I love Psalm 119:132-133; it teaches me a great way to pray to the Lord today. The writer presents to God three requests: “Turn to me and be gracious to me, as is your way with those who love your name. Keep steady my steps according to your promise, and let no iniquity get dominion over me.”
Be gracious to me.
Keep me steady.
Free me from the sin wanting to entangle me.
I notice the little phrase “as is your way.” The writer announces to himself and to God that he knows God will do these things because it is His nature and manner to do so. God turns to us and is gracious to us. He cannot help it. It is who He is.
I send the words to my family and pray this for my daughters. I text a few friends the simplicity and power of this prayer. What more would we need?
As I study Psalm 119, I’m drawn to verse 17 and this request: Deal bountifully with your servant, that I may live and keep your word. I think about the need to experience God’s goodness and bounty in order to continue living obediently to God. As I read this verse, I think of someone saying to God, “Please make this a little easier for me! Please make it feel good to live and follow you!”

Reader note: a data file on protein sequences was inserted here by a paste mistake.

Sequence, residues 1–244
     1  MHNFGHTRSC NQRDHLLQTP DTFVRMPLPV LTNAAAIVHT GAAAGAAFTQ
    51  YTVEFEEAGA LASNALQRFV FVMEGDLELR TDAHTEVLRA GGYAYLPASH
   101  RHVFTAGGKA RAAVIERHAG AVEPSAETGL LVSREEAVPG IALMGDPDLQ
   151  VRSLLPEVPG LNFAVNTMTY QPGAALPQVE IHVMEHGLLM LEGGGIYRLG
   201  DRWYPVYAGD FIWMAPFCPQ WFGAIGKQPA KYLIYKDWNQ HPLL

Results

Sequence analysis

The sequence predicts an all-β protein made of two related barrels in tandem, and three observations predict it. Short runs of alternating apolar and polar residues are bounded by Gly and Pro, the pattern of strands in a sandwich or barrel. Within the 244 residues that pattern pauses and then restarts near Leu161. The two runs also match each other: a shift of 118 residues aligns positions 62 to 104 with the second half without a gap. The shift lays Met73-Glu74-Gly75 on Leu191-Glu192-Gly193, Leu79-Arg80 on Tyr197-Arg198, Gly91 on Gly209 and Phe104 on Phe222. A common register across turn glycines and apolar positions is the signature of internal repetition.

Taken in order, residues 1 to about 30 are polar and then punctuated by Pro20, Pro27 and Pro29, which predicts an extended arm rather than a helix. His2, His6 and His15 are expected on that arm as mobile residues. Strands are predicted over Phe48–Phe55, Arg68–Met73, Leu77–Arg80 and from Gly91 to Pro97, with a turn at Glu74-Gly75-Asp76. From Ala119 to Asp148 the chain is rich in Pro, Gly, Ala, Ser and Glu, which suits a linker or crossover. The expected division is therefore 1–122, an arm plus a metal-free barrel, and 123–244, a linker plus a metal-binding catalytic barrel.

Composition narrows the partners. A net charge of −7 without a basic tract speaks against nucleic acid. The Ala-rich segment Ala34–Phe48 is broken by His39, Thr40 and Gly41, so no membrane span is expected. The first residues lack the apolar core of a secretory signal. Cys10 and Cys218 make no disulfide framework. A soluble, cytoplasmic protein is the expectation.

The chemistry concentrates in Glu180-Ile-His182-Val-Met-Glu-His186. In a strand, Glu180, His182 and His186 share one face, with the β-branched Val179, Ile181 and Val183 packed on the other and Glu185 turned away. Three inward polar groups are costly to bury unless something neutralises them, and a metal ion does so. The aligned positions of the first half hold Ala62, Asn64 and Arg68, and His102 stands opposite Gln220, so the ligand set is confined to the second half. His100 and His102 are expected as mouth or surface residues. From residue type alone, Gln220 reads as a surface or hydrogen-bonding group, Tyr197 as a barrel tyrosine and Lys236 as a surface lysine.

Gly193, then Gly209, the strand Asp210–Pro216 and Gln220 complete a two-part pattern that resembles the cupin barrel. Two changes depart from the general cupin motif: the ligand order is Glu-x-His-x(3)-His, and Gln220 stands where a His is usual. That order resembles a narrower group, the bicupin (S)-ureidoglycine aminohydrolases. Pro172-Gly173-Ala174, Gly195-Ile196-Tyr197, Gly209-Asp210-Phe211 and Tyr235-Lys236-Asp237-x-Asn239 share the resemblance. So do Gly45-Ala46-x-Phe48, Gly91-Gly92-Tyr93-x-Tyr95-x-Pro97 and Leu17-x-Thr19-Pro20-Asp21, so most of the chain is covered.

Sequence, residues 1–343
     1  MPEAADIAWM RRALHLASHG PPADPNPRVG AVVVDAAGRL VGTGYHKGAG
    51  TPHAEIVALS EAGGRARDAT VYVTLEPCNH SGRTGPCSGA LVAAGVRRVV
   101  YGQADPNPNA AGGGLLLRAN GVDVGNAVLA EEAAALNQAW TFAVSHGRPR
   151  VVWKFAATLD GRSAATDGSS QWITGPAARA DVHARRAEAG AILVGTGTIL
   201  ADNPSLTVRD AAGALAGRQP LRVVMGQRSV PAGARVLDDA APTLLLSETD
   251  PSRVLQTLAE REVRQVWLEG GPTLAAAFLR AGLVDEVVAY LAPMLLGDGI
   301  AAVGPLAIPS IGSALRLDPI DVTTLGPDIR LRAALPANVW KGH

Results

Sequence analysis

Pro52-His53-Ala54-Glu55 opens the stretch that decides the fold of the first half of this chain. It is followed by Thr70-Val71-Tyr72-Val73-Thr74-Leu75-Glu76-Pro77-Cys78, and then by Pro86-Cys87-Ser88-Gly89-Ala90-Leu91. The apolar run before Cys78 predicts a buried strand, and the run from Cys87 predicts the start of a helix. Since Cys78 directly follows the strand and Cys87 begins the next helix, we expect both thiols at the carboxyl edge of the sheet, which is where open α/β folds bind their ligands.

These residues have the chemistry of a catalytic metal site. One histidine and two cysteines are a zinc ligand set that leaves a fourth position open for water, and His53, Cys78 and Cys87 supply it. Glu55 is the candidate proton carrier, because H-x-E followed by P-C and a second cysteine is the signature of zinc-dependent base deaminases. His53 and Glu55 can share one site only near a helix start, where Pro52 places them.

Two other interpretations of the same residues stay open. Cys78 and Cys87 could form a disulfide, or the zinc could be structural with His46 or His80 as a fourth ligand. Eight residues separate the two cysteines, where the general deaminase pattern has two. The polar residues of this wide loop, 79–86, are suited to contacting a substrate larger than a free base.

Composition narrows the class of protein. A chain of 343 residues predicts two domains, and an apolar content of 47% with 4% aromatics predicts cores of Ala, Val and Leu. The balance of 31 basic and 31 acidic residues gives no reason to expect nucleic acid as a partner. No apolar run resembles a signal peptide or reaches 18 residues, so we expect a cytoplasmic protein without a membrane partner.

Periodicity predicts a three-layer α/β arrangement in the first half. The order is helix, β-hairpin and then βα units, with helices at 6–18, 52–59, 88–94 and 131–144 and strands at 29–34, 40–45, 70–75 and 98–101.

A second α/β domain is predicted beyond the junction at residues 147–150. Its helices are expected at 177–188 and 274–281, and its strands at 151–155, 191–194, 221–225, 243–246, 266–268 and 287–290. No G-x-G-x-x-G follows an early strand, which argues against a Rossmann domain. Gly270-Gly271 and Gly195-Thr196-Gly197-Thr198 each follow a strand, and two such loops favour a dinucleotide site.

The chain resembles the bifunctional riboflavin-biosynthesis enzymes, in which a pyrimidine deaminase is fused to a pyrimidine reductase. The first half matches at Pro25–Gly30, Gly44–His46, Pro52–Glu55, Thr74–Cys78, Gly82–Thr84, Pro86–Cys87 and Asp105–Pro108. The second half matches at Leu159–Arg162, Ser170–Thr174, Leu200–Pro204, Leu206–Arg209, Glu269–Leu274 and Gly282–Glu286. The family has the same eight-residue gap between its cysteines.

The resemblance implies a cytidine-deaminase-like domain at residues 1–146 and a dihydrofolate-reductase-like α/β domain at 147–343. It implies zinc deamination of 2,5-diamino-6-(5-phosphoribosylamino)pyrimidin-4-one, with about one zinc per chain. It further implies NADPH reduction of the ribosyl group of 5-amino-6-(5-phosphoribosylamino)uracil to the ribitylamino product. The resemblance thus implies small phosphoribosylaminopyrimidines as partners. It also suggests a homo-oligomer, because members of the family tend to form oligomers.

It’s not a bad prayer. It’s OK to ask God for the ability to see how He is “dealing bountifully” with you in order to sustain your walk with Him.
I’m challenging myself to read Psalm 119 in the morning and in the evening; I’m trying to commit the whole thing to memory! If you’d like to read Psalm 119 every day in September, let’s do it together. I’ve heard Charles Spurgeon recommended that everyone memorize this psalm, and it’s also said that William Wilberforce quoted this psalm to himself every day as he walked. Can you imagine having so much wisdom stored up in your heart?
My friend reminded me this morning of a beautiful principle of living with flair: thriving in poor conditions. She showed me a picture of her morning glories that “only bloom when not well-watered or fertilized.” I immediately remembered my orchids which seem to “thrive on neglect.” I also thought of my daughter’s wise words about having sad days and how “some plants grow best in shade.”
If we’re in a hard place and one where we feel deprived of what seems logical that we might need, perhaps it’s because God knows how we’ll best grow. In order to bloom, we might just need a particular form of deprivation. I always think this happens, like Paul says, so we might fully rely on God and not ourselves (2 Corinthians 1:9). It seems unloving and counterintuitive, but I’m learning to trust the Master Gardener.